Today at school the teacher asked us to implement a duplicate-deletion algorithm. It's not that difficult, and everyone came up with the following solution (pseudocode):

```
for i from 1 to n - 1
for j from i + 1 to n
if v[i] == v[j] then remove(v, v[j]) // remove(from, what)
next j
next i
```

The computational complexity for this algo is `n(n-1)/2`

. (We're in high school, and we haven't talked about big-O, but it seems to be `O(n^2)`

). This solution appears ugly and, of course, slow, so I tried to code something faster:

```
procedure binarySearch(vector, element, *position)
// this procedure searches for element in vector, returning
// true if found, false otherwise. *position will contain the
// element's place (where it is or where it should be)
end procedure
----
// same type as v
vS = new array[n]
for i from 1 to n - 1
if binarySearch(vS, v[i], &p) = true then
remove(v, v[i])
else
add(vS, v[i], p) // adds v[i] in position p of array vS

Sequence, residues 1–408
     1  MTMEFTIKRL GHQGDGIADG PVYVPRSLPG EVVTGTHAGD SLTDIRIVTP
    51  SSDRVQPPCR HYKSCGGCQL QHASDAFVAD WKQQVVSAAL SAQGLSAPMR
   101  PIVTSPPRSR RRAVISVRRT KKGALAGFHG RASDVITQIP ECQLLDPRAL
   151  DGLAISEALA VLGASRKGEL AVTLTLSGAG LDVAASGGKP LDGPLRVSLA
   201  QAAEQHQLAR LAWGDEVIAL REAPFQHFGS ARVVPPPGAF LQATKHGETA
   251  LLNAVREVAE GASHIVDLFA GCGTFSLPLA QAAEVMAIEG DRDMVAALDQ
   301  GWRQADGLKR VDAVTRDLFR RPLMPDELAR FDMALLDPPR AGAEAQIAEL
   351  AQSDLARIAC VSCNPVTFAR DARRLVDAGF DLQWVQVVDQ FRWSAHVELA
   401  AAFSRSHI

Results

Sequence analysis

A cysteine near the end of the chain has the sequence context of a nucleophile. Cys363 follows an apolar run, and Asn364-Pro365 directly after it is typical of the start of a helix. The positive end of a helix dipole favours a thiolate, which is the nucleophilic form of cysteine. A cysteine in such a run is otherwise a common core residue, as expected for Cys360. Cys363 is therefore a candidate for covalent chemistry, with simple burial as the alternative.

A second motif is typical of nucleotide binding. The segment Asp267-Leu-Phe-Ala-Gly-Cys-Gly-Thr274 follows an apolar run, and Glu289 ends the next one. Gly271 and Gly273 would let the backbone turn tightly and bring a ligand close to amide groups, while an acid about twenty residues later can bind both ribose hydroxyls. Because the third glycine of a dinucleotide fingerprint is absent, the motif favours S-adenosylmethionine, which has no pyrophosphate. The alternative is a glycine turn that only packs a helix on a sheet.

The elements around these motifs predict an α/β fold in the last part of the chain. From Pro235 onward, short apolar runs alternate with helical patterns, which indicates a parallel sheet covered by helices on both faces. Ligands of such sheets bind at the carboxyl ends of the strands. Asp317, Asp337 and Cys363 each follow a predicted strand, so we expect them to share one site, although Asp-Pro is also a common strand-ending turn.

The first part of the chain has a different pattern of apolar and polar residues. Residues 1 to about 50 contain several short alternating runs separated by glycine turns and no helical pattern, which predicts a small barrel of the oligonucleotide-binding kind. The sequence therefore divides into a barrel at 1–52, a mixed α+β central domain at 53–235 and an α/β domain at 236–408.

end if
next i
```

This way `vS`

will contain all the elements we've already passed. If element `v[i]`

is in this array, then it is a duplicate and is removed. The computational complexity for the binary search is `log(n)`

and for the main loop (second snippet) is `n`

. Therefore the whole CC is `n*log(n)`

if I'm not mistaken.

Then I had another idea about using a binary tree, but I can't put it down.

Basically my questions are:

- Is my CC calculation right? (and, if not, why?)
- Is there a faster method for this?

Thanks

`vS`

, and what does`add`

do exactly? – Robin Green May 20 '11 at 12:42